"If you're after a genuinely mind-shifting way of looking at the state of the world, consider the amount of metal we have in our lives," says Sky News Economics correspondent and author, Ed Conway.
His contention is that looking at the amount of steel that exists in a given society gives you just as good (in some cases even better) an insight into that country’s level of progress.
In the abstract on substackfrom his recently launched book, Material World, Ed says, "The key thing to remember here is that there is steel everywhere. Your car has perhaps a tonne of steel in it. Your house is almost certainly held up with steel. The machines in your kitchen are made and encased in steel. When you travel in the subway, you are travelling in a steel tube along steel rails, using steel escalators and elevators to get up and down from the platform.
"To put it another way, the more infrastructure you have in your country - the more cars and trains and hospitals and schools - the more steel you have in your country. Therefore, counting how much steel there is in use (which is something we can at least estimate since quite a lot of data exists on this) and dividing it by the number of people in the country should, in theory at least, give you a pretty good sense of how developed that country is."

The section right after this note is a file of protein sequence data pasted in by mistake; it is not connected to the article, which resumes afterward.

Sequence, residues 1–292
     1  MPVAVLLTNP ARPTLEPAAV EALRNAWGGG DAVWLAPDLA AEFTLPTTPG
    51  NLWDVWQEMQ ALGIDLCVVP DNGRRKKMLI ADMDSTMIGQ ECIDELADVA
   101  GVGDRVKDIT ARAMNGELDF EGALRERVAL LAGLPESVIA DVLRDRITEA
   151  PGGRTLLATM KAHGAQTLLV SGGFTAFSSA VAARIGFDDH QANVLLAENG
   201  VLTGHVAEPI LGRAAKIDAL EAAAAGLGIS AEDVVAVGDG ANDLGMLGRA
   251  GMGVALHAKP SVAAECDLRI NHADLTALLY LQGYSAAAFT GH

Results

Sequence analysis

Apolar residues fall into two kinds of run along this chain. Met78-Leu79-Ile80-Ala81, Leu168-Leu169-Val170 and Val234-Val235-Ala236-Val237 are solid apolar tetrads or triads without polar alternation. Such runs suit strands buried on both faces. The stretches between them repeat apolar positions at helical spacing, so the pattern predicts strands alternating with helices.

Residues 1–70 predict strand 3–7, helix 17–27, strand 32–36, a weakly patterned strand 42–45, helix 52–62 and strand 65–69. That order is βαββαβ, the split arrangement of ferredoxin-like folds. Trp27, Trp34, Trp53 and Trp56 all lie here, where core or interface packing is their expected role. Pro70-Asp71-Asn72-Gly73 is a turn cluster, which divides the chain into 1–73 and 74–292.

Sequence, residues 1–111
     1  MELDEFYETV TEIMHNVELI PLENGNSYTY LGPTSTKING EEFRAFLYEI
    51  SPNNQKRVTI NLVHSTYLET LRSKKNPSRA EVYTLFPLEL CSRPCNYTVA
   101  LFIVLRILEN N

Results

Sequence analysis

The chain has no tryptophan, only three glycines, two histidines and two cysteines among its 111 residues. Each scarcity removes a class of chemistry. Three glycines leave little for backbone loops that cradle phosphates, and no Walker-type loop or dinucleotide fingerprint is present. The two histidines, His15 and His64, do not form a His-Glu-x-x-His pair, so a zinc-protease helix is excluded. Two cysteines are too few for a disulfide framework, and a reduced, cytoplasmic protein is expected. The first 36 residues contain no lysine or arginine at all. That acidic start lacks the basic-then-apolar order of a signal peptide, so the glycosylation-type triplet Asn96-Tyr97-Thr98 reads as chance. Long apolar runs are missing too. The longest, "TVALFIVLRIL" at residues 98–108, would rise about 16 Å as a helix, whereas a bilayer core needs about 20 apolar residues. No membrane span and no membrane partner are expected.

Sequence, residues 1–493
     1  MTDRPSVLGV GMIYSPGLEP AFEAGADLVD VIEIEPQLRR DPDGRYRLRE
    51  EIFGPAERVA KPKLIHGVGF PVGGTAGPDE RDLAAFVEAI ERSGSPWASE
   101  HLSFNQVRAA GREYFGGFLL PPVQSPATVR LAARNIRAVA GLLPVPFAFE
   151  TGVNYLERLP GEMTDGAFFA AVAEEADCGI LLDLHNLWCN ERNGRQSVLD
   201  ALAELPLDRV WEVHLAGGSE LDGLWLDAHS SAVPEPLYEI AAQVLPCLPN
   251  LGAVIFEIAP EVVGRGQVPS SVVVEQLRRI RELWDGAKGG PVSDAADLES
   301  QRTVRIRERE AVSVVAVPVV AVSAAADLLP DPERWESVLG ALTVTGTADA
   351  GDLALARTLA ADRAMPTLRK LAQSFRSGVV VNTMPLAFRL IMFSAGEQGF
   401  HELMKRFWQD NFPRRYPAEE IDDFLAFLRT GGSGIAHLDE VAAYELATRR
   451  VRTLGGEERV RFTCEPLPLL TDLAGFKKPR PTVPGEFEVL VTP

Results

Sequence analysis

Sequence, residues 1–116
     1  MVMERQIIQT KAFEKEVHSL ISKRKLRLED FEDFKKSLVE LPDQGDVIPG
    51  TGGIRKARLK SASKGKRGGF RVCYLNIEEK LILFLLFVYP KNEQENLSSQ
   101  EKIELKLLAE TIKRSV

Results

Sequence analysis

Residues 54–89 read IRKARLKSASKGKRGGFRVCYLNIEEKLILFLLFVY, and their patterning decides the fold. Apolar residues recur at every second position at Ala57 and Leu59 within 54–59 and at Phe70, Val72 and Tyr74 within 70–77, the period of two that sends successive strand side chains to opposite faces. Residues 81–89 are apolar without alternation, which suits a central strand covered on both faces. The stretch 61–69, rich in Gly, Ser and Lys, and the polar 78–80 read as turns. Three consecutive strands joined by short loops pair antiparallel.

Ed goes on to describe some of the challenges of decarbonising steel, globally, given the inevitable increase in demand for steel and infrastructure. He says:
"It’s a fair bet to assume that nearly everyone in those countries with low steel-per-capita aspires to having more steel in their lives. They want more roads, more railways, more hospitals and schools. They want hydroelectric dams, where thousands of tonnes of steel are enrobed in thousands of tonnes of concrete. Of course they do!
"And since producing steel cheaply also means emitting a lot of carbon, the steel-per-capita league table underlines that even if we in the developed world do all we can to push down on our emissions, there is an awful lot of development-related carbon yet to be puffed into the atmosphere. Brilliant as engineered timber is as a construction material, it’s still nowhere near as useful, cheap and effective as steel in most cases."
With steel demand per capita flattening out in some of the most developed economies, Ed suggests it’s a sign of a couple of things. "First and most importantly, we are getting better and better at recycling our metals - especially steel. Second, it might hint that there could well be a point where we residents of developed economies reach a steel saturation point. We could eventually have enough."
Ed visited Tata Steel's Port Talbot steelworks to research the chapter on iron in his book Material World, and revisited recently to film a mini-documentary on the state of the UK steel industry, which you can watch on YouTube